The written request should outline why the exemption should be given along with the facts and circumstances relevant to the CbC reporting obligations and supporting documents.

The ATO recommends the SGEs to make the exemption request as early as possible to allow enough time for the assessment and notify the SGE for their decision before the statutory due date. The ATO aims to respond within 28 days after receiving all the relevant information.

The ATO has the discretion to provide exemptions to entities from lodging one or more statements for a specified period after considering the particular facts and circumstances and various factors including:

  • The entity’s risk profile e.g. whether you have low risks international related party dealings
  • Whether the entity is currently subject to a risk review or audit.
  • Whether the Global Parent Entity is subject to submit CbC report or Master File in the country of residency.
  • Whether the Global Parent Entity is granted an exemption for submitting CbC Report or Master File in the country of residence.
  • Whether the Commissioner can get the relevant information by other means e.g. automatic exchange between jurisdictions that have signed the Multilateral Competent Authority Agreement or is obliged to automatically exchange the CbC Report
  • Whether the entity is transacting with specified countries listed in IDS instruction.

What are the local file exemptions?

The ATO has set out two types of local files (1) complete local file (2) short form local file. The short form Local File is designed for SGE with no material related party dealings. To qualify, you need to meet at least one of the criteria below:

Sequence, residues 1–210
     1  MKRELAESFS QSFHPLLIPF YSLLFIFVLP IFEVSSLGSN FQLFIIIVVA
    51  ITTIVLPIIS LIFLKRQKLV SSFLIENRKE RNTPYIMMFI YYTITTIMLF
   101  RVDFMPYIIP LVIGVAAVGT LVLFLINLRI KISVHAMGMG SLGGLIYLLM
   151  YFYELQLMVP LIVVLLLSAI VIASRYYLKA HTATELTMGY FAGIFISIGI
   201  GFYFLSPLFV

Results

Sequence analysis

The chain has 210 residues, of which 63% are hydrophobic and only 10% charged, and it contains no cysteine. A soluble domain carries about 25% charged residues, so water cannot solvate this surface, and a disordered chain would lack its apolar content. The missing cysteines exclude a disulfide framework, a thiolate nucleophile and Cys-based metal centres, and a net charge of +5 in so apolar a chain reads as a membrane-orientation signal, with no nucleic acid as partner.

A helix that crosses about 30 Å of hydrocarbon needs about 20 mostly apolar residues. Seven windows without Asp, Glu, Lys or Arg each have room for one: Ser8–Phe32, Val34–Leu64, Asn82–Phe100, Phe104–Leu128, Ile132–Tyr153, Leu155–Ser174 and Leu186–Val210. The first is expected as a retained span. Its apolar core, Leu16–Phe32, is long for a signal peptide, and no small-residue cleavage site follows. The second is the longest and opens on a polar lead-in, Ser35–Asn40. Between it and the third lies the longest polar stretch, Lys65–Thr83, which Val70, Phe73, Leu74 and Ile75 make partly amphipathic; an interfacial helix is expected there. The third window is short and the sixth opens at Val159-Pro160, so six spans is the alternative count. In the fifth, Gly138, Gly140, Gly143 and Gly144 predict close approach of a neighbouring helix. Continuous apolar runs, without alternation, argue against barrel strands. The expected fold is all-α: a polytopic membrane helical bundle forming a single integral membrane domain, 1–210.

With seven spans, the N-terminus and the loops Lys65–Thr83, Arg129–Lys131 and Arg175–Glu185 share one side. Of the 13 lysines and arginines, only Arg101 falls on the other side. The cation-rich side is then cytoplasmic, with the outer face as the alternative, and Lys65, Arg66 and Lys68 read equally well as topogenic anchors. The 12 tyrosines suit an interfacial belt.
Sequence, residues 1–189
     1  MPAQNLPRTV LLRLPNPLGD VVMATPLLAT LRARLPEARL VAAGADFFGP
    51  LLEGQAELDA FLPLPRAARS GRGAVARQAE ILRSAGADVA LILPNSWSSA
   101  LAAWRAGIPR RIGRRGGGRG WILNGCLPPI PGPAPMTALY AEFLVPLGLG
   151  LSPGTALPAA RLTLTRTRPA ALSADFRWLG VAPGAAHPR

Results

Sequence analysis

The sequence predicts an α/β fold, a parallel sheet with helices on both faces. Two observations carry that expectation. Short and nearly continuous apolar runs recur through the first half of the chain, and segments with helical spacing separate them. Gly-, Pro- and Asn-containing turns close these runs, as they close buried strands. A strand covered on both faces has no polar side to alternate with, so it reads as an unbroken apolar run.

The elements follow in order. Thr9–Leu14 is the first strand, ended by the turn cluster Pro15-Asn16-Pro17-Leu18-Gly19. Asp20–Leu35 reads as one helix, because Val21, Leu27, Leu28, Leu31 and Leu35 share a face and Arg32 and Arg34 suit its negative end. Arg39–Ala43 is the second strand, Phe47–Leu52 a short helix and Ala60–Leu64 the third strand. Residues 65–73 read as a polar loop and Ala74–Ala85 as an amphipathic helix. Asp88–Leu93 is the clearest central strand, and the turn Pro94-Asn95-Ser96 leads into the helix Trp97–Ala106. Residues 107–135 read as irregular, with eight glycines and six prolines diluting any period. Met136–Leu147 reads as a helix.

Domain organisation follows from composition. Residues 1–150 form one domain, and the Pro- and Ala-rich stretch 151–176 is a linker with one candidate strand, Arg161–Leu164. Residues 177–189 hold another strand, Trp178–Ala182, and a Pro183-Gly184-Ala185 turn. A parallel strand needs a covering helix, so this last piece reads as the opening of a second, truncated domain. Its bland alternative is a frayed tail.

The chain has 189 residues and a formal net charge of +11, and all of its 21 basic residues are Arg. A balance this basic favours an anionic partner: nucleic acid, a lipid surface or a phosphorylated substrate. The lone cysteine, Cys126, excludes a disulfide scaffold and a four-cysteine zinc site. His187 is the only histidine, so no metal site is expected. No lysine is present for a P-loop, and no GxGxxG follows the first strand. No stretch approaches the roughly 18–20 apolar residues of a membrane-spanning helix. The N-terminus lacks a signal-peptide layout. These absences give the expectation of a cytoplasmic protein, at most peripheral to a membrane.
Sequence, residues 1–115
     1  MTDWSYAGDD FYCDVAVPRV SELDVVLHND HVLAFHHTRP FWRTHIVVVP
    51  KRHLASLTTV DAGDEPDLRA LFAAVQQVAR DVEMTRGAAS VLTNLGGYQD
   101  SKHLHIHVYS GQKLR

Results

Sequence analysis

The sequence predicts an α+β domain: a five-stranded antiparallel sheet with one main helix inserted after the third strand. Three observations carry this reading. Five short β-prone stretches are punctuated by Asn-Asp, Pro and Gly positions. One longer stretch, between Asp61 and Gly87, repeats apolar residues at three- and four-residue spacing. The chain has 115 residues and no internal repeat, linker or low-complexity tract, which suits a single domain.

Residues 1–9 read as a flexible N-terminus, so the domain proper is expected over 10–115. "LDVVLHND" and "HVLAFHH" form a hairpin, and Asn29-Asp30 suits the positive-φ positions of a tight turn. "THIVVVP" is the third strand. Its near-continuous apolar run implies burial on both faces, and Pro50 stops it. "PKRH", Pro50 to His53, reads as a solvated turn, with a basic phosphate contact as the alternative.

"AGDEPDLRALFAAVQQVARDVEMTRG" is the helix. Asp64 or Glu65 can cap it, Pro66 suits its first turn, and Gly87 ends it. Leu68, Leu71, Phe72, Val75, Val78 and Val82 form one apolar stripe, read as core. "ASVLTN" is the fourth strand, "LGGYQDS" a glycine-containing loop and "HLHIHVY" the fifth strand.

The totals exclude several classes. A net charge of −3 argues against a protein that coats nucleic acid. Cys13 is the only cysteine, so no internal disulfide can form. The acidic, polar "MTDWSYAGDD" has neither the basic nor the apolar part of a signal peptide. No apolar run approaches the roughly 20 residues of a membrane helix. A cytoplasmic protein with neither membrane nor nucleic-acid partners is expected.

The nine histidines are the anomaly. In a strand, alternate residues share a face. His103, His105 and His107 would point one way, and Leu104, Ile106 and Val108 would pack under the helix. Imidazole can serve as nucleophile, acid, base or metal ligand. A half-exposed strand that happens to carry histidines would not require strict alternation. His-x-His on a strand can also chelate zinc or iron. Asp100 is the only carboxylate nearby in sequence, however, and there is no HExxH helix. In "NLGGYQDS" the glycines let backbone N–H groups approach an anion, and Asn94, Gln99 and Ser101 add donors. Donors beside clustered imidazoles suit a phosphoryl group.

• Has an aggregate value of its international related party dealings (IRPD) is less than AU$2 million and no IRPDs on the Short Form Exceptions List;
  • The Simplified Transfer Pricing Record Keeping criteria for Small Taxpayers and no IRPDs on the Short Form Exceptions List;
  • The Simplified Transfer Pricing Record Keeping criteria for Materiality and no IRPDs on the Short Form Exceptions List.

Where is the latest guidance from the ATO?

The ATO’s latest guidance on CbC reporting requirements is set out in the following documents:


Contact Transfer Pricing Solutions


+61 (3) 59117001


+65 31585806

Related Blogs

20 Mar

Transfer Pricing Guidelines for Headquarters in Singapore

Singapore is often a preferred location for setting up headquarters as the door  to conduct business in Asia. The IRAS  has released its views on how Singapore HQ's should plan and implement their transfer pricing framework. Want to know more? Read our article with our views on IRAS TP Guidelines for Singapore HQs. 

10 Feb

Malaysia Transfer Pricing Update

The Malaysian Finance Bill 2020 incorporates transfer pricing-related changes to the current Income Tax Act, 1967 (“ITA”). The changes permit significantly greater authority to the Malaysia Inland Revenue Board (“MIRB”) and re-emphasises the importance of transfer pricing compliance, with effect from 1 January 2021.

12 Aug '20

ATO issues COVID-19 guidance on AU Transfer Pricing

Thec Covid-19 pandemic has triggered the most severe recession and is causing enormous damage to the world economy. The economic downturn will impact a group’s transfer prices, analysis and documentation, more so with the BEPS Action Plans in place and the high level of transfer pricing scrutiny across the globe.